Ducks Face Pivotal Decision At Trade Deadline

The Anaheim Ducks’ Stanley Cup window isn’t getting any wider.

Ryan Getzlaf and Corey Perry will both turn 31 in May, while Ryan Kesler will be 32 in August. Anaheim will have $23.75 million locked up in cap space between the three by the time they’re in their mid-30’s, an age at which they should presumably be well in decline. Given that, the Ducks should be living squarely in the present.

That creates a potential dilemma for Anaheim’s general manager Bob Murray as the trade deadline approaches.

With an embarrassment of riches on the blueline, the Ducks are in a position to off-load young talent in exchange for assets that could potentially put them over the top.

20-year old Shea Theodore, who has excelled since being called up from San Diego, is still on an entry-level deal through 2017-18. 24-year old Cam Fowler, the team’s best puck-carrying defenseman, is on board until 2018. 24-year old Josh Manson, who combines nastiness with intelligent passing, is also signed until 2018. 24-year old Simon Despres, an intriguing blend of physicality and puck smarts, is signed through 2021.

Having potential-laden defensemen inked for the foreseeable future is a luxury that few National Hockey League franchises can boast. That speaks to how well the Ducks have been able to both assess and retain talent.

However, they face the prospect of having to re-sign restricted free agents Sami Vatanen and Hampus Lindholm this summer.

Both players have been fantastic for Anaheim over the last two seasons. Given the team’s expiring Cup window, it wouldn’t be outlandish for Murray to part ways with one of the two, especially when considering the Ducks’ rather well-stocked cupboard on defense.

Which begs the question: if Anaheim is to go down that road, which defenseman should they part with? The answer isn’t an obvious one given that both players are immensely talented, but further examination can at least shed some important light on which path to take.

Sami Vatanen

Let’s start with the 24-year old Vatanen, who is enjoying a highly productive 2015-16 campaign.

At 5′ 10″, 183 pounds, Vatanen is able to play a respectable defensive game despite his smaller frame. He ranks third among Ducks defensemen in taking pucks away from opponents according to Sportlogiq tracking data, while consistently posting a positive shot attempt differential. Though he has a panache for offense, he is by no means a liability on defense.

He’s extremely shifty with the puck in the neutral zone, where he has made opposing players look silly at times. That creative flair extends into the offensive zone, where Vatanen uses his cannon of a slap shot to give goalies fits. To boot, he’s excellent at getting to quiet areas where he can tuck away easy goals.

His offensive gifts don’t come without some sort of price. He has a negative scoring chance differential, even though he has the third most scoring chances  of any Anaheim blueliner. That’s certainly something that teams looking to acquire him should consider.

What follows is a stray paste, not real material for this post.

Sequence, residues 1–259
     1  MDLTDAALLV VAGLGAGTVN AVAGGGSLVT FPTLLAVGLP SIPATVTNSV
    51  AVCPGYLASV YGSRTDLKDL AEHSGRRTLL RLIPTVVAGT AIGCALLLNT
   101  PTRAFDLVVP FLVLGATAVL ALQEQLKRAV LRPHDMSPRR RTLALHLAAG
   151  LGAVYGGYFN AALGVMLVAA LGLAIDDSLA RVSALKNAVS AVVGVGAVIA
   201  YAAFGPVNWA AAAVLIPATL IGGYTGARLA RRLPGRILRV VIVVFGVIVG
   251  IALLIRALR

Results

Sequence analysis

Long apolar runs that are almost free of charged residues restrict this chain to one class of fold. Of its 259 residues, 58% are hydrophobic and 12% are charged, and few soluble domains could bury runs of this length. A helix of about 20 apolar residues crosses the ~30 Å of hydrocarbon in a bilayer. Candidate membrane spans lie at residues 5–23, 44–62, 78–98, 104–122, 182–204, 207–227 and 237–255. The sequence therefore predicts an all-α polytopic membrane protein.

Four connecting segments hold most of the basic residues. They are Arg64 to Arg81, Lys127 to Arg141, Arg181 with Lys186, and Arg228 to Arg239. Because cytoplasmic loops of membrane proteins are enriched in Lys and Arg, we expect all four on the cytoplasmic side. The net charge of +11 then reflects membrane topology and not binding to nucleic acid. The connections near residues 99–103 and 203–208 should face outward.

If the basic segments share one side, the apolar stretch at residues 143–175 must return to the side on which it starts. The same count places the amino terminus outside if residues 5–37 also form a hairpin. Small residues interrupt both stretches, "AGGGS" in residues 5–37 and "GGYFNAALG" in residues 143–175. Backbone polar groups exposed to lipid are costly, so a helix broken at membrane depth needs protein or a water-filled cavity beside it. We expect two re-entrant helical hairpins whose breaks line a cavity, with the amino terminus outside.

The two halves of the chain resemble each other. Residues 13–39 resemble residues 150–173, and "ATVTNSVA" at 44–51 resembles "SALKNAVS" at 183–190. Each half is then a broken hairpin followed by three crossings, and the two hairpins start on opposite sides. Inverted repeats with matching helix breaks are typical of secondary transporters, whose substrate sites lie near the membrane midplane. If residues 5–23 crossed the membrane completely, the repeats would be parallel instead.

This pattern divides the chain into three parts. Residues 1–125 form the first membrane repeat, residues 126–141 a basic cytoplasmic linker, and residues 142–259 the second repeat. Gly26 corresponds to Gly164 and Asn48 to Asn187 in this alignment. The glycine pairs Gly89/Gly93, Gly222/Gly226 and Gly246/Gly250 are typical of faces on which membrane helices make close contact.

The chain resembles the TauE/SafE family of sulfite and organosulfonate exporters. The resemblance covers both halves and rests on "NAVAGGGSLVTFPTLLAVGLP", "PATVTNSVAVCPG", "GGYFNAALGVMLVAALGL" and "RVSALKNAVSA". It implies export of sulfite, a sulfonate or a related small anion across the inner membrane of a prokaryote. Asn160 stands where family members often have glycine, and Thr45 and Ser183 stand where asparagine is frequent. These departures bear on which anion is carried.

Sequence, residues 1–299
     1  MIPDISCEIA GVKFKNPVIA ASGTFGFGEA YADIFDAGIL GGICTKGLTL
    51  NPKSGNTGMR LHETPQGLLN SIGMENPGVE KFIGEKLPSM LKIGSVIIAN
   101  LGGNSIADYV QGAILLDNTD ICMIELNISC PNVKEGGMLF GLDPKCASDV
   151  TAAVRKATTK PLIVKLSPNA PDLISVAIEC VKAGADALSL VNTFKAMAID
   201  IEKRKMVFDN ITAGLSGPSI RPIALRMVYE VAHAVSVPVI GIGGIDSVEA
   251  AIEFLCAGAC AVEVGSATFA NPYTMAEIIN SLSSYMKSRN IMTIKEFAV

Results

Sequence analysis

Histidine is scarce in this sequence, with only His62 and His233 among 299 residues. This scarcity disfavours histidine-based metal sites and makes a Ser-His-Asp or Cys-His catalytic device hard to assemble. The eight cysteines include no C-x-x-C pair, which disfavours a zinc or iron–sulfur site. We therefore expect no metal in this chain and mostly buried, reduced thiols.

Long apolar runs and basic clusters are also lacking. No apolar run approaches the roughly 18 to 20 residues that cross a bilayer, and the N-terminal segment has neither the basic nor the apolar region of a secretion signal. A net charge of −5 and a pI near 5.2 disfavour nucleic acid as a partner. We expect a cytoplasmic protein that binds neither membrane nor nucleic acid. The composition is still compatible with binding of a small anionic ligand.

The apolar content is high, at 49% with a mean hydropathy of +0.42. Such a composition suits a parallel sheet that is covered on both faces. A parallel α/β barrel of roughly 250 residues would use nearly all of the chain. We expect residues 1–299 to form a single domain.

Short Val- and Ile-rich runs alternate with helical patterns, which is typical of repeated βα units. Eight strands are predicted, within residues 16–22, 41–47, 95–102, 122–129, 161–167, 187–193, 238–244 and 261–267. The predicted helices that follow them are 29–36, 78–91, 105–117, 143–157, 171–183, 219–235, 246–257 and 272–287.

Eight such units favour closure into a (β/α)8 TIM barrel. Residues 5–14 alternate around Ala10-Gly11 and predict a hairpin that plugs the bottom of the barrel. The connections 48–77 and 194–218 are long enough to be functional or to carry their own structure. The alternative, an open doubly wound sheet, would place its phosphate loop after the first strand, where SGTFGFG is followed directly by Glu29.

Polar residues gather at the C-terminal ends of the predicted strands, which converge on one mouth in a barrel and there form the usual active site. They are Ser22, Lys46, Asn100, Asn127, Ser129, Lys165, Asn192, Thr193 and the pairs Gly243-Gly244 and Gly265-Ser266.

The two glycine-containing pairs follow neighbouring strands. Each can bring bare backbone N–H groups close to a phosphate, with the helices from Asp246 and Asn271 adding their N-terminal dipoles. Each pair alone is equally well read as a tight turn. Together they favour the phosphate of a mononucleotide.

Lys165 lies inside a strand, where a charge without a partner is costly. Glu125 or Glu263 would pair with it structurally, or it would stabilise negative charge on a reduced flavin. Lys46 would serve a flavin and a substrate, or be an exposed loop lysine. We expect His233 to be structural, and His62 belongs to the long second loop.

Vatanen will turn 25 in June, making him a relatively known quantity going forward. Given that he’s on pace for roughly the same amount of points as in ’14-15, there’s reason to believe that he may have already peaked, or is at least very close to peaking.

Hampus Lindholm

For all that Vatanen’s game revolves around edge-of-your-seat displays of skill, Lindholm’s revolves around a steady efficiency.

A smooth skater, Lindholm has an extremely high panic threshold with the puck on his stick, able to hold it as long as he needs to in order to make the right play. He walks the opposing blueline confidently on the power play, creating shooting and passing lanes. He makes his teammates better, and they tend to struggle mightily without him.

His excellent skating and overall feel for the game have translated to a 57.25 percent possession rating, which leads the Anaheim defense by a healthy margin. On top of that, he also has the best relative possession rating of any Anaheim defenseman. When Lindholm is on the ice, the Ducks improve 5.97 percent from their average. That’s considerable.

Lindholm represents a key piece of both Anaheim’s present and future on the blueline. Barely 22 years old, he’s already Anaheim’s best possession-driving defenseman, and he figures to only get better in the coming years.

So Who Do The Ducks Trade?

Keeping Lindholm seems like the logical move here. Though Vatanen can spice things up offensively, the calming effect of Lindholm’s play simply cannot be understated. Defensemen who drive possession at such an elite level at only 22 years of age are rare, and the Ducks would be unwise to let him go unless the return was absolutely jaw-dropping.

While trading one of Vatanen or Lindholm might seem like an attractive play, there’s also nothing that says that Murray absolutely has to trade one of the two. Should he feel that both are imperative to Anaheim’s long term success, then perhaps another one of the Ducks’ blueliners becomes a trade chip.

Flipping one of the two presents some inherent risk as well: what happens if Anaheim doesn’t even make it to the Conference Final after pulling the trigger? All of a sudden, an excellent defenseman is gone without any tangible success to show for it.

Risk will always be a part of any trade in the NHL, no matter how pivotal or mundane it may be .Thanks to some excellent asset cultivation, Anaheim actually finds itself in a position to take a larger-scale risk and be unscathed if things don’t pan out. With a championship window that continues to close ever so slightly, why not go for it?